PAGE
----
Defamation Bill stumbles in Seanad

 

The Government lost a vote in the Seanad yesterday on the Defamation Bill but managed to salvage the legislation by calling for a walk-through vote which gave enough time for two missing Senators to be found.

The Government defeat came on an amendment to the Bill proposed by Senator Eugene Regan of Fine Gael proposing to delete the provision in the legislation making blasphemy a crime.

In an electronic vote whereby Senators press a button, the Government was defeated by 22 votes to 21 in the 60-member upper house.

However, Fianna Fáil whip Diarmuid Wilson immediately requested a walk-through vote which takes about 10 minutes to complete. In that period two Senators, Geraldine Feeney of Fianna Fáil and Deirdre De Búrca of the Green Party, had time to get to the chamber and the amendment was defeated by 23 votes to 22. The Bill itself was then passed by the same margin.

A Green Party spokesman said Ms De Búrca was initially absent through “a misunderstanding” while showing a trade union delegation from Colombia around Leinster House. Ms Feeney was at the dentist.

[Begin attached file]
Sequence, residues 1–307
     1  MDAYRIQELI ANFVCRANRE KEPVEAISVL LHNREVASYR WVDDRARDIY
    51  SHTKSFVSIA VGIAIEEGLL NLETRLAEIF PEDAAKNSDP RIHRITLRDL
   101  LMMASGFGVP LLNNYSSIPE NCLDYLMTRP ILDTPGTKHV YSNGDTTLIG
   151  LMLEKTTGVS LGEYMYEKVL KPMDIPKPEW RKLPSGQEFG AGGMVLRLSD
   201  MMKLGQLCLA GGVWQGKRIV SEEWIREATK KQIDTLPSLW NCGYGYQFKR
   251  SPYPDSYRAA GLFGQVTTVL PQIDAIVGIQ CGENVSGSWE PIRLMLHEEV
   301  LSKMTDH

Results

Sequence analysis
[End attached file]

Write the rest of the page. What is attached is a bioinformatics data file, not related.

“We have made no secret of our unhappiness about the provision on blasphemy but that had nothing to do with the vote,” said the spokesman.

The controversy surrounded a clause in the Defamation Bill dealing with the crime of blasphemy which Minister for Justice Dermot Ahern insisted had to be included for constitutional reasons, although this was disputed by Opposition parties and Independents.

“Until the Constitution is amended, it is necessary that a sanction be provided in regard to blasphemous libel,” Mr Ahern told the Seanad.

“We have three options on this. We can have a referendum and change this. We can pass a section dealing with blasphemous libel in order to comply with the Constitution, or we could just drop this Bill altogether,” he added.

The Minister added that he had amended the Bill to remove the threat of imprisonment and reduce the fine for blasphemous libel from €100,000 to €25,000.

Mr Regan claimed the offence of blasphemy should be dealt with through other laws such as the incitement to hatred legislation.

Senator Dan Boyle of the Green Party said that while he accepted the reason blasphemy was included in the Bill, the effect would be to codify an offence that most people did not believe in and that made a nonsense of the legal process.

“To move forward from here, we need to address the wider issue. This measure is nothing but a legalistic repair job in regard to a short-term political expedient,” he said.